For Democrats, anxieties are running high regarding the political impact of a messy rollout of the overhaul and expected premium increases for some groups. Meanwhile, GOP leaders push a series of bills aimed at dismantling or altering the law in an effort to publicize what they say are its shortcomings.
The New York Times: Democratic Senators Tell White House of Concerns About Health Care Law Rollout
Democrats in both houses of Congress said some members of their party were getting nervous that they could pay a political price if the rollout of the law was messy or if premiums went up significantly (Pear, 4/26).
CQ HealthBeat: Obama Administration Peppered With Questions On Health Law 'Rate Shock'
The Obama administration dealt on multiple fronts Thursday with the hot-button issue of rate hikes under the health law, a foreshadowing no doubt of other such days to come this summer and fall as full implementation of the overhaul approaches. Republicans wasted no time in calling attention to a proposed 25 percent rate hike by Maryland insurer CareFirst Blue Cross/Blue Shield in individual policies to be sold this fall on the state’s health insurance exchange (Reichard, 4/25).
Roll Call: GOP At Cross Purposes On 'Obamacare'
To repeal or dismantle? That is the internal debate roiling House Republicans as they plot their strategy on the landmark 2010 health care law, as its implementation accelerates. Recognizing that neither President Barack Obama nor the Democratic Senate will entertain legislation that fully repeals the Affordable Care Act, House GOP leaders are pushing their conference to embrace a series of messaging bills altering or dismantling pieces of the law to publicize for voters what Republicans argue are the statute’s many failed and damaging policies (Drucker, 4/25).
CBS News: GOP Slams Obamacare Rollout, Works To Repeal Law
The rollout of a new national health care program is sure to hit some bumps in the road. But after one of the Affordable Care Act's authors and proponents called the implementation a potential train wreck, Republicans in Congress seized the opportunity to point out the law's shortcomings and revive their arguments for repealing it. After Sen. Max Baucus, D-Mont., who helped draft the health care law, used the phrase "train wreck" to characterize the potentially rocky implementation, Senate Minority Leader Mitch McConnell, R-Ky., on Thursday penned an op-ed for Reuters arguing that President Obama should explain to the public the hardships they'll face after the law is implemented (Condon, 4/26).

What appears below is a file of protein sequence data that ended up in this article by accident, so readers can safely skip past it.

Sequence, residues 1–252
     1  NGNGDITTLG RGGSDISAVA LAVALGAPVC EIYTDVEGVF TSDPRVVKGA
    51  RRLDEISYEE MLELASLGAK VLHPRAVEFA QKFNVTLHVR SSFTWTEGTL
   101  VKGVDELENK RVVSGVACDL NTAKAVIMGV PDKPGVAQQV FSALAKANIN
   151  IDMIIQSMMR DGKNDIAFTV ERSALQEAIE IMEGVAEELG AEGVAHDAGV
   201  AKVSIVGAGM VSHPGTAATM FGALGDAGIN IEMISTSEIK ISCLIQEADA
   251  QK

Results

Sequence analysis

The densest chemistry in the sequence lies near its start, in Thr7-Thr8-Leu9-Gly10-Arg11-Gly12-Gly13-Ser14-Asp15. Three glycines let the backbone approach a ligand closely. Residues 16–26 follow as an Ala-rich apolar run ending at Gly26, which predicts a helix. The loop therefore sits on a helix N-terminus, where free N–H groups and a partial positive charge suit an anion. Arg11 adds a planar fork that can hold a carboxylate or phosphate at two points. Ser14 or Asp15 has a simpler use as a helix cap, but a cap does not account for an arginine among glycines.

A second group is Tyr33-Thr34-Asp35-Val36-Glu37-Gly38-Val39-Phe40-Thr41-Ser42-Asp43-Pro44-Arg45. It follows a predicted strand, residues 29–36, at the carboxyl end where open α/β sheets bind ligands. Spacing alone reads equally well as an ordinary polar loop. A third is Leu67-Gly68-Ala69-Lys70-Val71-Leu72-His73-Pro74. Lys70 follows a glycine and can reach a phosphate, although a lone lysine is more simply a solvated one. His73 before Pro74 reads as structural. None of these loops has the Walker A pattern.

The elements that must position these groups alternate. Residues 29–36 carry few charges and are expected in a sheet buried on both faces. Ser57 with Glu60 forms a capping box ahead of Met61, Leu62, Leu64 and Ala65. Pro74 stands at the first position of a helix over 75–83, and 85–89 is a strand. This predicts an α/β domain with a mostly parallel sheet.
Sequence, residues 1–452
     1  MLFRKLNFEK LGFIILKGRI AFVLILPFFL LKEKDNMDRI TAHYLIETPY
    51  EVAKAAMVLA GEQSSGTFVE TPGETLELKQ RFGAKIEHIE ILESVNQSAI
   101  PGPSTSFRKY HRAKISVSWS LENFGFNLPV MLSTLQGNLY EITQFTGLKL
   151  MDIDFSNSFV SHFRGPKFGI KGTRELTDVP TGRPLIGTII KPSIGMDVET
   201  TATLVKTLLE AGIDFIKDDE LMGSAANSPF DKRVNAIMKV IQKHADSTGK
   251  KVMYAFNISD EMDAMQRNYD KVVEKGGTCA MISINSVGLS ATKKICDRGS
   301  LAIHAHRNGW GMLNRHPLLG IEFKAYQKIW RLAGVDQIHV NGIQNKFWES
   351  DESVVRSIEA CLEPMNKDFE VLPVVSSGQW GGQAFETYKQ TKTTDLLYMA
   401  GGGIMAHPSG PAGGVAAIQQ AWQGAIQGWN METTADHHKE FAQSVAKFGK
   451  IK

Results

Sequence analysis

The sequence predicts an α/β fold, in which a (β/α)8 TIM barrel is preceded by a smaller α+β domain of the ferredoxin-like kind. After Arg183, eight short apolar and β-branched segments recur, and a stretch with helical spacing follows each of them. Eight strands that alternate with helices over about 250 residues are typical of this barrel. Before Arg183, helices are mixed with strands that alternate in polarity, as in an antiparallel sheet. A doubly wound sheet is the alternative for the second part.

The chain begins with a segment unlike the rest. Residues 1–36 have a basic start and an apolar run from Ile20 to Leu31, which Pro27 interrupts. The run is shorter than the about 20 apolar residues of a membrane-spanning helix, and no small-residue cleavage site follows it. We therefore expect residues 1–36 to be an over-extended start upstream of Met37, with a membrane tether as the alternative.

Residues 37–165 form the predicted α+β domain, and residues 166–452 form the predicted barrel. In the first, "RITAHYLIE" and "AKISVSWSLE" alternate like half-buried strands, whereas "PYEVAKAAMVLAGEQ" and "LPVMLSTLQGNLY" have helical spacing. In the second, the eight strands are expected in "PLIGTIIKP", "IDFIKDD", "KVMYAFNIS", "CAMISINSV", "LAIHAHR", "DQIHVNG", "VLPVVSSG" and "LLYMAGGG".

The Fiscal Times: Why A Part-Time Workforce Is The New Normal
Darrell McCall, 29, worked full time as a salesperson at Juicy Couture’s flagship store in New York City for two and a half years …That changed last year when Juicy started letting full-time workers go and replacing them with part-timers who accepted lower pay and no benefits, McCall says …The “part-time only” trend picked up steam during the recession. Analysts say one reason is the passage of the Affordable Care Act—commonly called Obamacare—and the mandate that businesses with 50 full-time employees or more must provide health insurance, which has become even more expensive. In January 2006, there were about 4.6 million involuntary part-time workers. In January of 2013, there were about 8.6 million—almost double, according to the BLS (Kade, 4/25).